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15 September 2019
A strange feeling as a way of life PDF Print E-mail
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by Jan Lundberg   
07 October 2007

Making sense of our predicament, shaping our future

Culture Change Letter #169 - October 14, 2007


Is everything alright? It should be, but it increasingly feels like it's not -- even though we may have enough to eat and have a comfortable roof over our heads. We can go buy anything we imagine we need. Besides more war and a corporate-lackey government, what's wrong with our lives in what's supposed to be a democracy?

This question has been explored by many social philosophers. Some answers have emerged. But they usually don't offer a realistic, current analysis of what's happening to the economy and infrastructure of "developed, rich" countries. Nor do they flesh out well the likely scenarios of a world without abundant exosomatic energy as we've come to expect with electricity, transport and petroleum-grown/distributed food.

If the world has become an ugly place because of civilization, few people dare oppose something so monumental as what's assumed to be the totality of exalted, wondrous human history. Civilization. Is it forever? Do we have any control over our lives or the future?

The isolation of daily existence that lacks village/tribal culture takes a constant toll, but it's not closely analyzed, quantified or publicized. For that could interfere with profits and getting people to keep going to work. And nothing is allowed to interfere with mass education's purpose of conformity and brainwashing.

We are instead told, through Big Brother's messages (government and corporate media), that everything is normal and part of amazing progress. Like the combatant told to get back on the battlefield to kill and die, when the psychiatric analysis conveniently denies shell-shock and battle fatigue, the worker or consumer must carry on and smile away the day. So we soldier on as regimented and industrial units aware of some things wrong, but not able to pinpoint the real trouble perhaps. Distractions can soothe while digging our graves.

Some of us are more aware or concerned about today's threatening state of the world than others, but we have trouble admitting that we've been significantly dehumanized. In today's cultural expectations for the elite and celebrities, everyone else is inconsequential and allowed to aspire to hyperconsumerism as the goal of "life."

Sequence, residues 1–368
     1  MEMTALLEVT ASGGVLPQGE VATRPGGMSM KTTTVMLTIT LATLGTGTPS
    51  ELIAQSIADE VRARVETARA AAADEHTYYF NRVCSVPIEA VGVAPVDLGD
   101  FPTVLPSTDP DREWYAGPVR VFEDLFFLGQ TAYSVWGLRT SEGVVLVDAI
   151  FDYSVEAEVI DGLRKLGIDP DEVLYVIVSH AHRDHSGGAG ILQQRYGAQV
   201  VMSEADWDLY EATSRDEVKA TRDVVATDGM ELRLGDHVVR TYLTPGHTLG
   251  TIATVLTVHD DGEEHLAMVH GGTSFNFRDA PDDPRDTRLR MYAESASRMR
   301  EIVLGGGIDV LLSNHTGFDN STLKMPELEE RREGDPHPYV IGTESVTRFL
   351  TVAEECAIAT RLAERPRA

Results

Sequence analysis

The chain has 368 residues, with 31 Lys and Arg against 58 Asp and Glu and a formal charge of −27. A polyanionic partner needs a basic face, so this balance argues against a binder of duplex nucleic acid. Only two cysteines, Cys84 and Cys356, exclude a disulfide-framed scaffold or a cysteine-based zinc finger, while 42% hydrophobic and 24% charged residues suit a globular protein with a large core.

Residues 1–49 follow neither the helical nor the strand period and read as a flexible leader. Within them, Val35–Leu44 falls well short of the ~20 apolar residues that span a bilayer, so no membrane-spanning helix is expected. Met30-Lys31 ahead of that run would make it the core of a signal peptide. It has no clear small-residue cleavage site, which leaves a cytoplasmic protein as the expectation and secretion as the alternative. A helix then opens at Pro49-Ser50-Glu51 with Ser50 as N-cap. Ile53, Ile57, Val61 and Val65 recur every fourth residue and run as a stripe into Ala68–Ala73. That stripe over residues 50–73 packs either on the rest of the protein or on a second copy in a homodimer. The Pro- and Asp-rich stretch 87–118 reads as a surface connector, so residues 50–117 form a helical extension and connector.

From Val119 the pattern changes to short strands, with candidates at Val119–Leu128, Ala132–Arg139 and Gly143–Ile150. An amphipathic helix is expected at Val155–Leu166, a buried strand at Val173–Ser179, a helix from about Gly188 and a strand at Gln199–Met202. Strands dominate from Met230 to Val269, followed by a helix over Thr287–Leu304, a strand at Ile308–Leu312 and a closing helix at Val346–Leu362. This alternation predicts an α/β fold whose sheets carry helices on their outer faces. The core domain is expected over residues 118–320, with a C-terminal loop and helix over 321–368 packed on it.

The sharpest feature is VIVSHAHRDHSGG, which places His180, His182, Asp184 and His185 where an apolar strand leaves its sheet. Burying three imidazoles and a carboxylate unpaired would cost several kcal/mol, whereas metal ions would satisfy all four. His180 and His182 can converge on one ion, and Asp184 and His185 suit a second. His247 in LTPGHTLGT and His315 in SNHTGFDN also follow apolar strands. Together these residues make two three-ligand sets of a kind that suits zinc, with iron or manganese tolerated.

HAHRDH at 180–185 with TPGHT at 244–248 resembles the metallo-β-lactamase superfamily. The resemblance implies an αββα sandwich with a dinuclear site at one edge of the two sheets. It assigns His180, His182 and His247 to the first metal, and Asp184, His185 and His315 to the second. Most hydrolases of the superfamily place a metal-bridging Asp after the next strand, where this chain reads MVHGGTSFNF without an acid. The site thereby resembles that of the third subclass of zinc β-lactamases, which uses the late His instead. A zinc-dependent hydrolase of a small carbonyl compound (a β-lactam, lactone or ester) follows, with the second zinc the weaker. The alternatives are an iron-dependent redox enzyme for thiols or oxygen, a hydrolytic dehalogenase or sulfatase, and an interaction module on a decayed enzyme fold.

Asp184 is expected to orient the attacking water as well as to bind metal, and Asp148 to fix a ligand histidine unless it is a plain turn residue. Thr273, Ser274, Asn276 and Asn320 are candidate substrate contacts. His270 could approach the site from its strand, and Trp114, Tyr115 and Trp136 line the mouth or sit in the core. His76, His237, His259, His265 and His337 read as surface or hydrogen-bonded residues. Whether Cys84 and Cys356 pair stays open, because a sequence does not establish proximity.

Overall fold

Young modern people often cope with the conditions of alienation by having someone else address it: they seek refuge and solace in musical groups' lyrics and the artist's image of freedom and honest expression. Idolatry of musicians (usually poets) is relatively recent, only decades old, for the masses of Western peoples. For the very few individuals, authors serve as moral and artistic leaders. Tom Robbins, Edward Abbey and Daniel Quinn are among the few who have serious cults about them, in a loose and positive sense. James Howard Kunstler and Richard Heinberg sit atop a most practical new genre, petrocollapse, gaining them conscious adherents.

Outside one's world of favorite music and books, or, in the more common case, television or video games, there is a constant assault on the sensibilities of our animal and spiritual selves. Besides the hard pavement and lack of nature (a lawn does not quite qualify) stained with toxic oil, with exhaust hovering about, the refuges of the supermarket or even the health food store are hardly fulfilling or truly welcoming. They are experiences of packaging, plastic touching food, and the roar of fossil-fueled machines for cooling and freezing. Same with many restaurants, except upscale ones that most of us cannot afford: they are noisy experiences, where the music played -- usually techno and of no lyrical importance -- barely disguises the machines' hum.

The amount of food and products shipped from afar is astounding. The abundance and affluence represented by a single Whole Foods Market is such that one should wonder how it can keep going in terms of shipping and quantities. How much the customer questions this petroleum-fired frenzy to satiate with a fleeting cornucopia is not known, but is not significant if we judge by action. The average person does not lift a finger to produce food locally in any way, even if it can lower one's cost, improve health, reduce global warming, cut petroleum consumption, and offer social opportunities.

The workers in these markets, restaurants and other retail stores are mere units for production with no say over business practices or, almost as rarely, over environmental policy. Wages are not enough to survive on without combining households with other people. The minimum-wage, poor-benefit slavery is not quite questioned; proof is that unions are weak and grassroots organizing such as wildcat strikes are exceedingly rare.

One reason for the lack of resistance to stultifying and dead-end conditions is poor health and low mental energy via pharmaceutical drugs. Half the people are on some antidepressant or mood-altering drug, and a good many more are on pain killers, antibiotics, tranquilizers, sleeping pills, cold medicine, and more. As discussed in Culture Change Letter #45, Dec. 2, 2003 ("Brain control of the masses via pollutants"), the constant exposure to toxic chemicals serves as mind control: Carbon monoxide, lead, and fluoride are only a few. Hormones in food, pesticides residues and estrogenic plastics are influencing not just health but the future of families and the collective state of mind. Younger and younger menstruation, and birth defects of boys feminized by chemicals in plastics, are more and more common and swept under the rug. The human race becomes weaker and less wild day by day. The domestication of the human is our downfall, but is championed by the capitalist and bureaucrat. There are even those who enslave themselves through their mental attitude, to emulate their masters, as Steven Biko and Bob Marley reminded us.